Extreme Biomimetics: Designing of the First Nanostructured 3D Spongin–Atacamite Composite and its Application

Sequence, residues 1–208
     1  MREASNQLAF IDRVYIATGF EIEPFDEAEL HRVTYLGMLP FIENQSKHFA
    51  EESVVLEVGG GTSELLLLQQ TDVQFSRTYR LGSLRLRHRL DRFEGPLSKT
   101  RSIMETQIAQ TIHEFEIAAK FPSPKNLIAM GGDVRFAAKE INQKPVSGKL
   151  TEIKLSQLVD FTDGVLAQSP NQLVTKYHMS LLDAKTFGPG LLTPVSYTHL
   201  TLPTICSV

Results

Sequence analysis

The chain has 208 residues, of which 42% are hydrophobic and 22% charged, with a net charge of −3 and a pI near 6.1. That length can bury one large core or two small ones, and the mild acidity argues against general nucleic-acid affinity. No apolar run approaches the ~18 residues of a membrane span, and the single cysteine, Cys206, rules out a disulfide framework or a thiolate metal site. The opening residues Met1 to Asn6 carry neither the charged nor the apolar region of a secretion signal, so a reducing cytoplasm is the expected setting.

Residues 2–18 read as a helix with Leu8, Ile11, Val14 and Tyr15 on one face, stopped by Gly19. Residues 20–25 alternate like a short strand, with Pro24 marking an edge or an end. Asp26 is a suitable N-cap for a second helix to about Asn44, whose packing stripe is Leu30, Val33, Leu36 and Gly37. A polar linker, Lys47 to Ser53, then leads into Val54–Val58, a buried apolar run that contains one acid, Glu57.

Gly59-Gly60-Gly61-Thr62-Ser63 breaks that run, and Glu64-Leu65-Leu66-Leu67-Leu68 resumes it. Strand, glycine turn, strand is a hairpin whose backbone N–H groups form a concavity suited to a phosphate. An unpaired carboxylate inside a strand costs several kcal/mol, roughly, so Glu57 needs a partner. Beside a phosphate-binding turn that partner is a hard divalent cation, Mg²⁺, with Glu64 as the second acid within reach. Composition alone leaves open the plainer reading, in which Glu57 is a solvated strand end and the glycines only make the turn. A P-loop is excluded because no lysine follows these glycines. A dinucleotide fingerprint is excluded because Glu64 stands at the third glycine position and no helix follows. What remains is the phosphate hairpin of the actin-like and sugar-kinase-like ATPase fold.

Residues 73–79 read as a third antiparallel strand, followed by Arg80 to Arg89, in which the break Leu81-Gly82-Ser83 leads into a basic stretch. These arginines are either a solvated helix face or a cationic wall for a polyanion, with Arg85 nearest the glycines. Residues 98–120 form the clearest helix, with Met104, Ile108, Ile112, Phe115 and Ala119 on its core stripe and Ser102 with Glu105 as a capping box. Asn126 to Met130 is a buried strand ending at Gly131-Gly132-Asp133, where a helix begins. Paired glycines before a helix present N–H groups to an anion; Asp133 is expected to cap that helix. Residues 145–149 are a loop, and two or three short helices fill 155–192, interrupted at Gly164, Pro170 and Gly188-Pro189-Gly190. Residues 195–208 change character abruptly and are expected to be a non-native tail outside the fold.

The design of new composite materials using extreme biomimetics is of crucial importance for bioinspired materials science. Further progress in research and application of these new materials is impossible without understanding the mechanisms of formation, as well as structural features at the molecular and nano-level. It presents a challenge to obtain a holistic understanding of the mechanisms underlying the interaction of organic and inorganic phases under conditions of harsh chemical reactions for biopolymers. Yet, an understanding of these mechanisms can lead to the development of unusual—but functional—hybrid materials. In this work, a key way of designing centimeter-scale macroporous 3D composites, using renewable marine biopolymer spongin and a model industrial solution that simulates the highly toxic copper-containing waste generated in the production of printed circuit boards worldwide, is proposed. A new spongin–atacamite composite material is developed and its structure is confirmed using neutron diffraction, X-ray diffraction, high-resolution transmission electron microscopy/selected-area electron diffraction, X-ray photoelectron spectroscopy, near-edge X-ray absorption fine structure spectroscopy, and electron paramagnetic resonance spectroscopy. The formation mechanism for this material is also proposed. This study provides experimental evidence suggesting multifunctional applicability of the designed composite in the development of 3D constructed sensors, catalysts, and antibacterial filter systems.